If you look at the pull-down menu in your layers palette, you will see a dizzying number of choices with names that do not make sense without explanation. If you want to know what all of those blending modes mean, several great posts out there take the time to explain each one of them:
- freeTime FOTO explains every blending mode and demonstrate the effect of each one on their logo (nice marketing ploy).
- Northlite starts with a primer on color and then demonstrates blending modes with a leafy background and a rainbow gradient. Excellent concise explanations.
- Digital Art Form's post is not exhaustive, but it is certainly methodical.
- And speaking of methodical, check out Nathan's programming magic. This is the kind of stuff that my son just eats up. For those of us that are less skilled at programming, scroll down past the blend mode math and check out the photos. As a photographer, I appreciate how Nathan demonstrates the blend modes on photos rather than on graphics.
- Photoshop Essentials simplifies the blend modes by grouping them into five categories. Very readable.
- Adobe Press shows us "how blending modes think."
A book suggestion
I think that Matt Kloskowski's Layers book is the best thing out there for people like me (i.e. people who prefer not to be overwhelmed), because it focuses on the layers features you will actually use. In fact, chapter two of his book cuts the list of 25 blending modes down to the three modes he deems the most useful (multiply, screen, and soft light). That's not to say that he doesn't use other modes in the book, but simply that he keeps it practical.
My own top three blending modes are multiply, screen, and overlay (which is almost the same as soft light). But in honor of the May monthly special on "color," I decided to dedicate this post to the "color" blending mode with an emphasis on practical use in photo retouching.
Color blending mode: what it does
Let me quote Northlite's pithy definition: "Color [blending mode] changes the hue and saturation of the lower layer to the hue and saturation of the upper layer but leaves luminosity alone."
Not making sense yet? Let's look at an example. I will start with a color photo:
In the layers palette, I add a new empty layer. Just to show how the color blending mode works, I will fill that top layer with white by using the paint bucket tool with the foreground set to white.
This leaves me with a plain white screen. Next, I choose "color" from the layer blending modes.
Because the color blending mode leaves all of the shades of gray (i.e. the luminosity) intact, my white top layer blends down to create a black and white image.
Although I would recommend different methods for customized black and white conversion, the example above should help you visualize what the color blending mode changes (hue, saturation) and what it leaves alone (luminosity).
And now on to real-world use...
Toning an image with color blend mode
If you fill a new blank layer with any color (as I did with white above) and set the blending mode to "color," you will get a toned image. So this time I will use a beige color on the top layer.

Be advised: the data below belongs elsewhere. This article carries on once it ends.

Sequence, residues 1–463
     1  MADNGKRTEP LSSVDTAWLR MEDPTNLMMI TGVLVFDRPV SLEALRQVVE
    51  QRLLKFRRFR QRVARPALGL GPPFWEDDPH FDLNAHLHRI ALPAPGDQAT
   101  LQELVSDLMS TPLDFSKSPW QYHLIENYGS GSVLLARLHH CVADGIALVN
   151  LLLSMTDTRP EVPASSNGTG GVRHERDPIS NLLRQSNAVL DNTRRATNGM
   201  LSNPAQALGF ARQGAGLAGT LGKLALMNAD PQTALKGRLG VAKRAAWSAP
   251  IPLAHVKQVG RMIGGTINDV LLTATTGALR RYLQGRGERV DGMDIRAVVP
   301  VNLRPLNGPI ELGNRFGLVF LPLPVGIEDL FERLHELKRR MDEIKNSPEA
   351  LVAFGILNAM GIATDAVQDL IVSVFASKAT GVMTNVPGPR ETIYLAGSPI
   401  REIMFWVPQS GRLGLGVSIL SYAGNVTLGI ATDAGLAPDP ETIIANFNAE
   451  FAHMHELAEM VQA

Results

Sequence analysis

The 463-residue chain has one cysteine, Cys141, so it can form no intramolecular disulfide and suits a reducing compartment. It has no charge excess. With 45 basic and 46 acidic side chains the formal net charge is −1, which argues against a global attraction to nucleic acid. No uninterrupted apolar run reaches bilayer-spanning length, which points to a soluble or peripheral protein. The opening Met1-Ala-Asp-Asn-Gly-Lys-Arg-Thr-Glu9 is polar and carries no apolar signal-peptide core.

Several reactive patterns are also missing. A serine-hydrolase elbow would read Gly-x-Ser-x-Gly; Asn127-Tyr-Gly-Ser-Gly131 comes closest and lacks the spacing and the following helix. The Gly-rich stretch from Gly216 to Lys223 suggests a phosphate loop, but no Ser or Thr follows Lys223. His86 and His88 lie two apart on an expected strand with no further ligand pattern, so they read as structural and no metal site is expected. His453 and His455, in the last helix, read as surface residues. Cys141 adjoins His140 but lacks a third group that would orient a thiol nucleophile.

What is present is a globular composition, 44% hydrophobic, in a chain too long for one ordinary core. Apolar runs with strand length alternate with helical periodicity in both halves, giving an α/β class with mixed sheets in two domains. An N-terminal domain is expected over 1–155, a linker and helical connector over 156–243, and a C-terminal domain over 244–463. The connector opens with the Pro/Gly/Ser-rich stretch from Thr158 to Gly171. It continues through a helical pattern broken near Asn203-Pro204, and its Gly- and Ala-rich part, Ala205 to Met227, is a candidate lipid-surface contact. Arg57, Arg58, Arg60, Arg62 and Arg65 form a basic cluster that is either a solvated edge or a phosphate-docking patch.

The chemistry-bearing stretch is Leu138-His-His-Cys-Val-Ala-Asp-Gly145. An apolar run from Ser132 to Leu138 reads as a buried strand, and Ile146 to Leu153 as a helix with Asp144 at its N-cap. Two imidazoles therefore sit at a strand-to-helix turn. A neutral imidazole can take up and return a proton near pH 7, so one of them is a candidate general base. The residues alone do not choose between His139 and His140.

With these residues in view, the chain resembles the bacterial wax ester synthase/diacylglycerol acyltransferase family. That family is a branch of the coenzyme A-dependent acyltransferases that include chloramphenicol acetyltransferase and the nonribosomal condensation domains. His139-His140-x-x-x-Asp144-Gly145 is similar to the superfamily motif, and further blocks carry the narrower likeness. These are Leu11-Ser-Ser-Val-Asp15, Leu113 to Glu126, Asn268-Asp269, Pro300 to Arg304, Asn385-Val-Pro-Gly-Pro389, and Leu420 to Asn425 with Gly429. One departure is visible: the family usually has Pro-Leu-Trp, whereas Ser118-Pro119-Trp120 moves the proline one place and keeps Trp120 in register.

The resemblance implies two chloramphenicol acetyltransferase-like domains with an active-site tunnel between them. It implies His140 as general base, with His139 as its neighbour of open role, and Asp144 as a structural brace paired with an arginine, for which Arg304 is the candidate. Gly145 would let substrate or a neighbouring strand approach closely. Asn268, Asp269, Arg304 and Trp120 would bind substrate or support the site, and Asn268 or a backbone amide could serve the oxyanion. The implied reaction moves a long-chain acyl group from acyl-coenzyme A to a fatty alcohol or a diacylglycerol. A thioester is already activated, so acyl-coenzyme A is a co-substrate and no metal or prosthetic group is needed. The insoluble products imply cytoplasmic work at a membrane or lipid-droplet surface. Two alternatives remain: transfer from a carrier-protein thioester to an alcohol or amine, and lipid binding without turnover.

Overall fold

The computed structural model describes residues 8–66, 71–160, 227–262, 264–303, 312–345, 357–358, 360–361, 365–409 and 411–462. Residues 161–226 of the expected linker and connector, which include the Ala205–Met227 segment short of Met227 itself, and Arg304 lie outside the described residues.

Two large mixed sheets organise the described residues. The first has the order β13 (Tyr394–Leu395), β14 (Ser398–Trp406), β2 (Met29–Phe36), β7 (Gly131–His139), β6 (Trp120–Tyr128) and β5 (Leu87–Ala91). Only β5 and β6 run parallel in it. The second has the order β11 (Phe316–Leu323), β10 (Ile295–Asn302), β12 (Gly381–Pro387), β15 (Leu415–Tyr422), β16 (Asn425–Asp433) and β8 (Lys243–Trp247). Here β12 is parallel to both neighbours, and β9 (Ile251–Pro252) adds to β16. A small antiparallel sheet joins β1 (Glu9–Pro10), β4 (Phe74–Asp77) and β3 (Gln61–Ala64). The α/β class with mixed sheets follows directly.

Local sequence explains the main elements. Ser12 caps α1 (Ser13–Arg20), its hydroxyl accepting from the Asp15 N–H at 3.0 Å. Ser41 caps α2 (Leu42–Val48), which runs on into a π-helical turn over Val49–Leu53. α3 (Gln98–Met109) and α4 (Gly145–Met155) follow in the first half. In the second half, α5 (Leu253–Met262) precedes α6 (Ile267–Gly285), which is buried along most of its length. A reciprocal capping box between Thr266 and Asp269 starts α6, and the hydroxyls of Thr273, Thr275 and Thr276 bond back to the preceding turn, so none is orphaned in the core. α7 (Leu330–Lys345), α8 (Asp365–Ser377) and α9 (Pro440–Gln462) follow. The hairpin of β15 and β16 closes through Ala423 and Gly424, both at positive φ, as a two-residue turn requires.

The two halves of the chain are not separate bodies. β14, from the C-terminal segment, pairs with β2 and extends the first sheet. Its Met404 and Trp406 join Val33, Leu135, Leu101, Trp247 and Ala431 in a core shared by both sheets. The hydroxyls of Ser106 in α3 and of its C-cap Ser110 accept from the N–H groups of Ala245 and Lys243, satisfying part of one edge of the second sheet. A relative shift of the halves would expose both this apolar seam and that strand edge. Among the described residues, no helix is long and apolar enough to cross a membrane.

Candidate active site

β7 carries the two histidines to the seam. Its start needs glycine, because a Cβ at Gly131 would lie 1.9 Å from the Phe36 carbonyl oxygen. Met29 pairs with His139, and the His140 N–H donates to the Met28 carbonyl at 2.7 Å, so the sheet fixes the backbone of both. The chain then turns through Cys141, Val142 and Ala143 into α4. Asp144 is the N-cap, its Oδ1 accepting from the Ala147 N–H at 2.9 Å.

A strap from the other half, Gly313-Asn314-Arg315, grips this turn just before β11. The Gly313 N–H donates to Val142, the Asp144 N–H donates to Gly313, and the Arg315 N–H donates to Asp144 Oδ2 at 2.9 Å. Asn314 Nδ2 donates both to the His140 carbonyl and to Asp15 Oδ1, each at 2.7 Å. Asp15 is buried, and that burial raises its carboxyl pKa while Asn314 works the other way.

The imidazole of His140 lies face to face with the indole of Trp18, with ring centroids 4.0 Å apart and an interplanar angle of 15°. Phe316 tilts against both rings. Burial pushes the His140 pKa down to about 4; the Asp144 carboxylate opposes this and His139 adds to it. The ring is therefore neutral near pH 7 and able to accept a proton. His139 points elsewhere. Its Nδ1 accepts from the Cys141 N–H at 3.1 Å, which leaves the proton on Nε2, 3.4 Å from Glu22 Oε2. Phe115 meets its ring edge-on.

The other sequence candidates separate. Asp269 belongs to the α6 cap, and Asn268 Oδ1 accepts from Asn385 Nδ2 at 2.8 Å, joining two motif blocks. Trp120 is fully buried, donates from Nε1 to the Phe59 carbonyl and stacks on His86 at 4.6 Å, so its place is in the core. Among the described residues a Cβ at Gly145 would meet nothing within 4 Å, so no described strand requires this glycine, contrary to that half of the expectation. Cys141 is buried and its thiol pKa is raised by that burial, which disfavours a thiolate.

The result is a nicely toned image:
This is exceptionally easy, because I go straight from color to a toned image. Change the color of the top layer, and you change the tone:
Enhance or change color selectively with the color blend mode
Two more tricks with the color blending mode start with the same steps as above, but then modify the top layer in one or both of the following ways:
1. Play with the opacity
If you lower the opacity of the top layer, your background color will start to come through. This can look very ugly at 60%, but can be very useful at 15% to either add or correct a color cast. In the photo below, I applied a yellow layer at about 20% in the color blending mode. The right half shows the new warmer version, and the left half is the original more ruddy complexion. Just to make sure you could see a difference, I set the opacity higher than my ideal.
2. Color blend + layer mask = selective color change.
Add a layer mask to a toned image, and then paint color in or out. I usually prefer to paint in rather than out, so I add a layer mask filled with black by clicking the layer mask icon while holding the alt key.
Now I can use a white brush (b) on the mask to paint in color selectively. If blue is my top color, and I mask out everything except the eyes, I end up with...
AAARRRGHHH! Ridiculously fake bright blue eyes!!!! But if I dial down the opacity, I get a realistic change:
Or I can do the same thing to shift his hazel eyes more toward green:
Since the color blending mode leaves the luminosity alone, you get all of the shading of the original image. Even the super intense blue might be believable if more people in the world had the eyes of Paul Newman. Back to the real world...In my own work, I never have any reason to change hazel eyes to blue or green, but I might want to enhance a person's actual eye color if a photo didn't do it justice.
In the end, our only potential obstacle to realistic color manipulation is self-restraint (the lack thereof). But then again, who says realism has to be the goal? Start to experiment with the color blend mode and you will appreciate its ability to create highly stylized effects.